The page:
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Posts Tagged "Pipe organ"

Of Note

Music of the Season

Jayson Dobney, Associate Curator and Administrator, Department of Musical Instruments

Posted: Monday, November 24, 2014

This week marks the celebration of Thanksgiving in the United States, and one of the popular hymns that will be used in religious services marking the date is the hymn "Nun danket alle Got," or "Now Thank We All Our God." The words to this hymn were written around 1636 by the Lutheran minister Martin Rinkart (1586–1649) and set to the tune known as the "Leuthen Chorale," attributed to Johann Crüger and written around 1647. The melody was later set by Johann Sebastian Bach in several of his cantatas and by Felix Mendelssohn in his Second Symphony.

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Of Note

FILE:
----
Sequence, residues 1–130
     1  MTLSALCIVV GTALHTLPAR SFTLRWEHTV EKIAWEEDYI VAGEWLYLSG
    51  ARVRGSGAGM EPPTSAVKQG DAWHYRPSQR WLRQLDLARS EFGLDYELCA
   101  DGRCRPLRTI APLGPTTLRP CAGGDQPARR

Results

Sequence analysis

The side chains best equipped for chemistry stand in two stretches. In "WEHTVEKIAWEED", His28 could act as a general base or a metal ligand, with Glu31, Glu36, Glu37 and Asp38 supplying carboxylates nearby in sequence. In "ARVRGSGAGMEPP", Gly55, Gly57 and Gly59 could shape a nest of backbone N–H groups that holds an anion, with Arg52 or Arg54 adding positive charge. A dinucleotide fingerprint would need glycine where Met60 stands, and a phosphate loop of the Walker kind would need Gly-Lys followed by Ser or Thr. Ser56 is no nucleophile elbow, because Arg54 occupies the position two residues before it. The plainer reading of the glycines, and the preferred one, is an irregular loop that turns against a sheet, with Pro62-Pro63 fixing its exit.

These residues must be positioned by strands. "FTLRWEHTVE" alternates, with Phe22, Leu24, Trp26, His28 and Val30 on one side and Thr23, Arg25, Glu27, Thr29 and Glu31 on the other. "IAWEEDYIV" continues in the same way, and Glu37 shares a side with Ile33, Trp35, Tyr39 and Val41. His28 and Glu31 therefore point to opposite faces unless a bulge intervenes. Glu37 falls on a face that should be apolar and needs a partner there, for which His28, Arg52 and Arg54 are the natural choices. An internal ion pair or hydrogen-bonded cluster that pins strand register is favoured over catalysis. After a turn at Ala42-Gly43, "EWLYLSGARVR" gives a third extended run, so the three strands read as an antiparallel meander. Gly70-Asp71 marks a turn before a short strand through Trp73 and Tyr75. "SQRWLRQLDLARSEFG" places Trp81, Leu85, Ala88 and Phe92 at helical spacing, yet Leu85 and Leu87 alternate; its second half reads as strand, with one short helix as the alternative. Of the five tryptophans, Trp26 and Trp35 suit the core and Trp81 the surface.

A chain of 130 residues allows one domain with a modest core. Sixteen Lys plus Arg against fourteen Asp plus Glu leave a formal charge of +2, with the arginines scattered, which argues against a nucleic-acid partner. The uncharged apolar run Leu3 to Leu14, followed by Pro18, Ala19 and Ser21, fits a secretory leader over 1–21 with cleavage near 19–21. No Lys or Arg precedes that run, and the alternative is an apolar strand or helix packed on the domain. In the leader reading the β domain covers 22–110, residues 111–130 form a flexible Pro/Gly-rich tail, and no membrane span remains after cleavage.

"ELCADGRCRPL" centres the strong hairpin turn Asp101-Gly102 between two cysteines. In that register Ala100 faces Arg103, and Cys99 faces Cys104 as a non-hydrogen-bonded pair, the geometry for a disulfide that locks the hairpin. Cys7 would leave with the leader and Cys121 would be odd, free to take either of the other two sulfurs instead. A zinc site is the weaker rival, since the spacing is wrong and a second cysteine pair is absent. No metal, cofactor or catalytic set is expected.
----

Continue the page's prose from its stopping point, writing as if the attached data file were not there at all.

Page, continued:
The Met's Mighty Pipe Organ

Jayson Dobney, Associate Curator and Administrator, Department of Musical Instruments

Posted: Monday, May 5, 2014

One of the frequently asked questions by visitors to The André Mertens Galleries for Musical Instruments is whether the large organ that presides over the equestrian court is ever played. The answer, in fact, is yes—the beautiful instrument with gold-leaf façade pipes in a fifteen-foot-tall Greek Revival–style case is used several times a year in demonstrations and concerts for the public, and can also be heard on a variety of commercially available recordings.

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About this Blog

The Museum's collection of musical instruments includes approximately five thousand examples from six continents and the Pacific Islands, dating from about 300 B.C. to the present. It illustrates the development of musical instruments from all cultures and eras. On this blog, curators and guests will share information about this extraordinary collection, its storied history, the department's public activities, and some of the audio and video recordings from our archives.